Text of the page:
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Given, $$\tan \beta = \frac{n\sin\alpha\cos\alpha}{1-n\cos^2\alpha}$$ Then $\tan(\alpha + \beta)$ is equal to

  1. $(n-1)\tan\alpha$
  2. $(n+1)\tan\alpha$
  3. $\frac{\tan\alpha}{n+1}$
  4. $\frac{\tan\alpha}{1-n}$

I would also appreciate practical methods of tackling problems such as this in competitive examinations.

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  • $\begingroup$ Do you know of the addition formula for the tangent function? $\endgroup$ – mickep Jan 28 '16 at 20:06
  • $\begingroup$ @mickep You mean: $$\tan(A+B)=\frac{\tan A + \tan B}{1-\tan A\tan B}$$? $\endgroup$ – Hungry Blue Dev Jan 28 '16 at 20:08
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Since you knew about the addition formula for tan, here is a push in the right direction:

I think it will be easier if one first simplifies $\tan\beta$, $$ \tan\beta=\frac{n\sin\alpha\cos\alpha}{1-n\cos^2\alpha}=\frac{n\tan\alpha}{1/\cos^2\alpha-n}=\frac{n\tan\alpha}{\tan^2\alpha+1-n}. $$ Next, use the addition formula for $\tan(\alpha+\beta)$ and insert the expression above everywhere you encounter $\tan\beta$. Simplify, and you got your result.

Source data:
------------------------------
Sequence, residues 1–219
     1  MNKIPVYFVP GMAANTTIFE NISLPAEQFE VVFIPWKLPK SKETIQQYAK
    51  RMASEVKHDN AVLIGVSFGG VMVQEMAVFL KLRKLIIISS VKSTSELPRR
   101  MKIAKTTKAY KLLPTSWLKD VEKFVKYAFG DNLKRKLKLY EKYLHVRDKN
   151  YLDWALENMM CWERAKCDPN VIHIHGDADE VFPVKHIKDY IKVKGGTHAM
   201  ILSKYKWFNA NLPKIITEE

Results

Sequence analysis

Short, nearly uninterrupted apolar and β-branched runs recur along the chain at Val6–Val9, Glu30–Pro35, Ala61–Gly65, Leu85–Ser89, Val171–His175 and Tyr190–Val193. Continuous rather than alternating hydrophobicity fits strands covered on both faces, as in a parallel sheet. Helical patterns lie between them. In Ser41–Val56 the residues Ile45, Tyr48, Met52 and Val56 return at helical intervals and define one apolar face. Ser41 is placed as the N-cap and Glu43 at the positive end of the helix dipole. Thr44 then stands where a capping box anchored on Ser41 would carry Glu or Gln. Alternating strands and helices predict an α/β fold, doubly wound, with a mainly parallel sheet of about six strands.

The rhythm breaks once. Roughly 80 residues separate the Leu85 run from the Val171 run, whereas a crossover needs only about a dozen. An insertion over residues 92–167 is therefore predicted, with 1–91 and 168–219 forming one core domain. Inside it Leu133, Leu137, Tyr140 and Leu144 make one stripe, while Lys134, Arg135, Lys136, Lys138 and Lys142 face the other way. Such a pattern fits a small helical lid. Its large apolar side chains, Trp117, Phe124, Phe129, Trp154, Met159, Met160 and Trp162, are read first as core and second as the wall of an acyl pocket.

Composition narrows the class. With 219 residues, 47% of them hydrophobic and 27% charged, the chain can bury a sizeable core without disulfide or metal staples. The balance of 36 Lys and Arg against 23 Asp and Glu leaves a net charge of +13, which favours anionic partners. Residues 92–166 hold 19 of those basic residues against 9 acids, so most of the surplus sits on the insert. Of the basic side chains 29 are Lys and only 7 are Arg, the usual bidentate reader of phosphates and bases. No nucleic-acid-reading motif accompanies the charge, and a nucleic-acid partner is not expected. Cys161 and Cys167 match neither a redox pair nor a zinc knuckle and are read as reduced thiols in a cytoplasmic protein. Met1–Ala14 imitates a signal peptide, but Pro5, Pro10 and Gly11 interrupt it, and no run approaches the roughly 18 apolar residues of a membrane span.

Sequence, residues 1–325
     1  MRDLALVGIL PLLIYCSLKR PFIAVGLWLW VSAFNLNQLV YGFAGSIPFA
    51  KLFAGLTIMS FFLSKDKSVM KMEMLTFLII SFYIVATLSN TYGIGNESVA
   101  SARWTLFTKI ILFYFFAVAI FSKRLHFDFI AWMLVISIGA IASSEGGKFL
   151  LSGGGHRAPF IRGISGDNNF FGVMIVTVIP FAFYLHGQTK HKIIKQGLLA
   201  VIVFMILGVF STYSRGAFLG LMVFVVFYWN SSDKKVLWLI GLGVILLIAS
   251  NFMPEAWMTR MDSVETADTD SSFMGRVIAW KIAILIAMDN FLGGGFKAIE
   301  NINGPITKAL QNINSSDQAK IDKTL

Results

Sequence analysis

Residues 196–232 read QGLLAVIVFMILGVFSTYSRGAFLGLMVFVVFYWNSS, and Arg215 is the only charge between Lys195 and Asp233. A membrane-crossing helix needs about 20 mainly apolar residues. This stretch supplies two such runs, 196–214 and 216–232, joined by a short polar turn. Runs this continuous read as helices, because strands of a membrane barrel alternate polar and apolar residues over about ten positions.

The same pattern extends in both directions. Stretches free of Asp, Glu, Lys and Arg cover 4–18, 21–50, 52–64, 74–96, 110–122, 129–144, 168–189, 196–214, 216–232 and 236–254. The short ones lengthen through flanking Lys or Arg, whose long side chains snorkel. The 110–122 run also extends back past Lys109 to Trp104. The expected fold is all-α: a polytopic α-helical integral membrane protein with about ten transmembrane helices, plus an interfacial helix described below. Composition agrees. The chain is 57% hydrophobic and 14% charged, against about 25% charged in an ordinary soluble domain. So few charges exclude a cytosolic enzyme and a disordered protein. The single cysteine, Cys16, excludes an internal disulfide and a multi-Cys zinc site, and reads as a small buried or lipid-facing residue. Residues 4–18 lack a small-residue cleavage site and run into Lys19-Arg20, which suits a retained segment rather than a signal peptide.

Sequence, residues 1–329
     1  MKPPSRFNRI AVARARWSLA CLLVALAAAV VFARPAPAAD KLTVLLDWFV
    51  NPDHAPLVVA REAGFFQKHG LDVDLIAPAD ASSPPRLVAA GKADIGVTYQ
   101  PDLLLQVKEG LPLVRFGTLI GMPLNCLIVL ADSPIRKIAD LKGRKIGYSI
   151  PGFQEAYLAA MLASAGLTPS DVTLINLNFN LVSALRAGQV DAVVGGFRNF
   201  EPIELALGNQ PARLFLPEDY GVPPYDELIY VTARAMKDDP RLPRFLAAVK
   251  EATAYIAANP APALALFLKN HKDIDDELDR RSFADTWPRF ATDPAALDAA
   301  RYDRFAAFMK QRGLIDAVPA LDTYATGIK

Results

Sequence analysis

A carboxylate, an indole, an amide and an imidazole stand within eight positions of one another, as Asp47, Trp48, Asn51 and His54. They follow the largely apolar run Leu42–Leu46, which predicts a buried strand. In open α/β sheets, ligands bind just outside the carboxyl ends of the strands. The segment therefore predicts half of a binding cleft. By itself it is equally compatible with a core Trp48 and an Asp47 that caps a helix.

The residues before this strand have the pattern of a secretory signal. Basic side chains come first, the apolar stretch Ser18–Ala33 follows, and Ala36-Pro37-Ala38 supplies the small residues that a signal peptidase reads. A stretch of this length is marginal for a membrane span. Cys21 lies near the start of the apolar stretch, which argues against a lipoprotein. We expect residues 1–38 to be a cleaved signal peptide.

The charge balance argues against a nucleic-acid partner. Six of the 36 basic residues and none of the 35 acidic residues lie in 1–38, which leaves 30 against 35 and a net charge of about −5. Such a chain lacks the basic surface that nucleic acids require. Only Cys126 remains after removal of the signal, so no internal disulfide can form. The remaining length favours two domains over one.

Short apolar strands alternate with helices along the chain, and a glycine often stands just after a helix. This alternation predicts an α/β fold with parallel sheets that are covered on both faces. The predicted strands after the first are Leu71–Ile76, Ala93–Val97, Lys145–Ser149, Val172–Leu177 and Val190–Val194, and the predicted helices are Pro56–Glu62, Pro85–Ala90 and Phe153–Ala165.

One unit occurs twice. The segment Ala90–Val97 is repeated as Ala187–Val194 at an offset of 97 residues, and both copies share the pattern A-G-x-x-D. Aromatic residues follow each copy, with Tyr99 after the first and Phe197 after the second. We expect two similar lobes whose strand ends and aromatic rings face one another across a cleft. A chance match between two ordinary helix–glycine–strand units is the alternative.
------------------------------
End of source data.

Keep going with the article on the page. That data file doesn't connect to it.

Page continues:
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  • $\begingroup$ Thank you. Your solution worked for me. But I was wondering if there was any quicker way to do it... (assumptions and short-cuts allowed). $\endgroup$ – Hungry Blue Dev Jan 28 '16 at 20:36
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A quicker method would be to substitute a simple value for $\alpha$ such as $\frac{\pi}{4}$ and do the same compound angle formula simplification

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  • $\begingroup$ I agree that is a bit simpler, given that one of the four alternatives really is correct. $\endgroup$ – mickep Jan 29 '16 at 6:26

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